ukulele buyers guide

Ukulele Buying Guide

If you’re considering buying a ukulele for the first time then the ukulele buying guide is the page for you. From sizes and strings to budgets, brands and buying tips. Hopefully I can help you to avoid the mistakes that I made when I bought my first ukulele.

Ukulele Sizes

There are 4 main sizes of ukulele and each has its own characteristics. Smallest to largest we have soprano, concert, tenor and baritone. When it comes to buying a ukulele, it’s good to get a bit of knowledge about each one.

I personally had no idea that ukuleles came in different sizes when I bought my first ukulele. I ended up buying a concert scale ukulele as it was pretty much the first one I picked up.

ukulele size guide


The soprano ukulele is the one most people picture when the word ukulele is mentioned. Typically it has the smallest body and the shortest fretboard. Due to it’s size it’s very portable. There’s a fairly common misconception that the smaller the ukulele the more difficult it is to play and this is often levelled wrongly at the soprano. Sopranos usually have between 12 and 15 frets (I’m a fan of 15 fret sopranos personally).


Concert size ukuleles are a little bigger than sopranos. Typically they have between 15 and 20 frets and as a result of the longer scale length the tension on the strings is more than the soprano (meaning they require a little bit more pressure on the strings). The larger body gives a fuller sound than the soprano, although the strings are tuned the same.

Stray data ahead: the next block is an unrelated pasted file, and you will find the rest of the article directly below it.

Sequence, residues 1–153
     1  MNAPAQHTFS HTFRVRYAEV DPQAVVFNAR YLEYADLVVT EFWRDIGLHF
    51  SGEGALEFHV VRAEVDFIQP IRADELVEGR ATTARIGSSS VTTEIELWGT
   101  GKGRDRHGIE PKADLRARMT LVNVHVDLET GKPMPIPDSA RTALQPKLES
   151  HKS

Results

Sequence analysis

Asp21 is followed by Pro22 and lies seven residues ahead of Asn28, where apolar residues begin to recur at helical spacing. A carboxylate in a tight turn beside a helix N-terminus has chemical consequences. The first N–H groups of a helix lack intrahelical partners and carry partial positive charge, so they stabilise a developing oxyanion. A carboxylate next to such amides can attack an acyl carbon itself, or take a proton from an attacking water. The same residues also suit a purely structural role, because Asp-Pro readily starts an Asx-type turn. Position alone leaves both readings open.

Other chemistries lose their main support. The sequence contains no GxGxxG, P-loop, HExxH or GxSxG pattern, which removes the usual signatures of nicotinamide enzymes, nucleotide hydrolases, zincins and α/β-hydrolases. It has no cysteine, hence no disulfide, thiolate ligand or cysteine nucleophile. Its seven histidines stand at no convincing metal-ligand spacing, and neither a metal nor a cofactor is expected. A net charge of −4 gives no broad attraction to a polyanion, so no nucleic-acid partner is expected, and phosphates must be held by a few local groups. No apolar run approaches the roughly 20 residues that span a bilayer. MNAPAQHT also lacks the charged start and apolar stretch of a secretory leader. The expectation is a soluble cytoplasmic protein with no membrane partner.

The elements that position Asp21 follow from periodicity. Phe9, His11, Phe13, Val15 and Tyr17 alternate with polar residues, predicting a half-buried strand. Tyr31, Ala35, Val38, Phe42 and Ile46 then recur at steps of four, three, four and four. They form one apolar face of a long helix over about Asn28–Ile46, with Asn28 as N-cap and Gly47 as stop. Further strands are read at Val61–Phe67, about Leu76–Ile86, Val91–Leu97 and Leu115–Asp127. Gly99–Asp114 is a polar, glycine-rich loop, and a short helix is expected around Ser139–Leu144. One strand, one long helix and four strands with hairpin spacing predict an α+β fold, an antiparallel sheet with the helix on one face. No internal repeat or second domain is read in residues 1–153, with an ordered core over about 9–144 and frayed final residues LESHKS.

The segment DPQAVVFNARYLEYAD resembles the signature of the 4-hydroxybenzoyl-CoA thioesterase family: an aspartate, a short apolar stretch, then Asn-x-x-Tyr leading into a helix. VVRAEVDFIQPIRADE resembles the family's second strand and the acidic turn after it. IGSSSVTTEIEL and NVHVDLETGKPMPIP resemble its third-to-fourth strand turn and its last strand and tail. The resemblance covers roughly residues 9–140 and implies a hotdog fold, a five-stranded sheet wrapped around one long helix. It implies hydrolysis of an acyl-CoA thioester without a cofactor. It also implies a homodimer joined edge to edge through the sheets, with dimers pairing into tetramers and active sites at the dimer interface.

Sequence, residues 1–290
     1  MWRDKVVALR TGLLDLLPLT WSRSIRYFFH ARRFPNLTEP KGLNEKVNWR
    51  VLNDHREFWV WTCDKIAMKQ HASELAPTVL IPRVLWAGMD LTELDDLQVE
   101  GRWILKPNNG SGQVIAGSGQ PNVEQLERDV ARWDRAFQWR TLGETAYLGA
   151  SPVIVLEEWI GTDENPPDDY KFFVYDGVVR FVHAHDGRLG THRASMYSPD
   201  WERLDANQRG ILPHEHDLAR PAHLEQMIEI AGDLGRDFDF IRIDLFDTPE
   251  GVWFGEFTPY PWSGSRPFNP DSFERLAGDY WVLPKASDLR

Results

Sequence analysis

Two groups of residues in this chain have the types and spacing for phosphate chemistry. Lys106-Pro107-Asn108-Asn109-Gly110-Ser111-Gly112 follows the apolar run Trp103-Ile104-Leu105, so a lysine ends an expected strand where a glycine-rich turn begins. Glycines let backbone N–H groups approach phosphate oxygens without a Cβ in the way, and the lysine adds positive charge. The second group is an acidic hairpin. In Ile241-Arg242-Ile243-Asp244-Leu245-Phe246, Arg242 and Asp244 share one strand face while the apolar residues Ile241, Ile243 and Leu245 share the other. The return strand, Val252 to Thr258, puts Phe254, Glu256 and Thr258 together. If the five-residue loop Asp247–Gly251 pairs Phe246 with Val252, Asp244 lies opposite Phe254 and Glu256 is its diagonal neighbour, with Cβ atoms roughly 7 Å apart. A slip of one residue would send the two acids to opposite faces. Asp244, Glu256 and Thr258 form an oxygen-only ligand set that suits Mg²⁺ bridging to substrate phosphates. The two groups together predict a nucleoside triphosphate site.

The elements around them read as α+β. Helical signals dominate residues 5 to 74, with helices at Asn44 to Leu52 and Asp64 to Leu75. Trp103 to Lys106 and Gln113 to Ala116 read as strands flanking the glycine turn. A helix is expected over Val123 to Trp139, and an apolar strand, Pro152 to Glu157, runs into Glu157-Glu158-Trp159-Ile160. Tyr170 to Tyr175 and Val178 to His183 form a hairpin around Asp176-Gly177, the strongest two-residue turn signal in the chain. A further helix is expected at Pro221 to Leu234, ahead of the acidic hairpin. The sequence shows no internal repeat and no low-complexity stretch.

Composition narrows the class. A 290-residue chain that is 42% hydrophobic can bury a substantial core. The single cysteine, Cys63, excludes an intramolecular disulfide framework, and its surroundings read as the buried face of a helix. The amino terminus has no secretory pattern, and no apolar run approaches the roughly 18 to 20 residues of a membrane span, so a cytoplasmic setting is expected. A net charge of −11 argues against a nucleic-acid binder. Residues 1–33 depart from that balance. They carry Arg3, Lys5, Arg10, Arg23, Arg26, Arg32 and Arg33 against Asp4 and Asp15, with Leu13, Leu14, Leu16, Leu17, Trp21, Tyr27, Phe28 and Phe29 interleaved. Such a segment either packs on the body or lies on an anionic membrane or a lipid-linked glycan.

The tenor ukulele is larger in both scale length and body size than the concert. Typically it has 15+ frets and is tuned to gCEA just like the soprano and the concert. Due to it’s larger body size you will typically get a fuller sound from a Tenor.


The baritone ukulele isn’t tuned to gCEA like the other sizes/scales. Instead it is tuned to DGBE which is the same as the top 4 strings on a guitar. Due to it’s larger body, size and tuning it has a very different sound to sopranos, concerts and tenors. If you’re a guitar player it would be a very smooth transition to a baritone.

If you don’t have a specific reason for picking a baritone ukulele then I would probably recommend against it for newcomers. Due to it’s variation in tuning you’d have to learn different chord shapes and there isn’t anywhere near the volume of learning material out there for baritone that there is for the other sizes. Humble Baritonics is a great site if you are interested in the baritone though.

It’s definitely worth trying out a few different sizes before you make your purchase. Most players find a size that they really like and feel much more comfortable holding and playing (personally I’m a soprano man).

Laminate, solid wood or a plastic ukulele

Laminate Solid Wood or Plastic

Ukuleles bodies tend to be either solid wood, laminate or plastic. Typically a solid wood ukulele is more expensive than a laminate or plastic ukulele but that doesn’t necessarily mean it’s a better choice. Laminate and plastic ukuleles start at around £20 ($30) and can rise into the hundreds. Solid ukuleles start at around £90 ($135) and can rise into the thousands.

When it comes to solid wood ukuleles, the choice of wood has a big impact on the sound (and price). Here’s a great guide to the choices and types of wood and their impact on the ukulele sound.

Although laminate and plastic ukuleles are typically cheaper than solid wood ukuleles there are some great examples of both and you shouldn’t write them off on construction material alone.

There are more and more plastic ukuleles appearing now. Plastic ukuleles tend to trade on the fact that you can take them camping, to the beach or anywhere else you might feel. They offer a different sound – the plastic ukuleles I’ve played tend to boom a little bit while at same time sounding a little plasticky (if that makes sense). You’re making a certain compromise on the sound for durability here.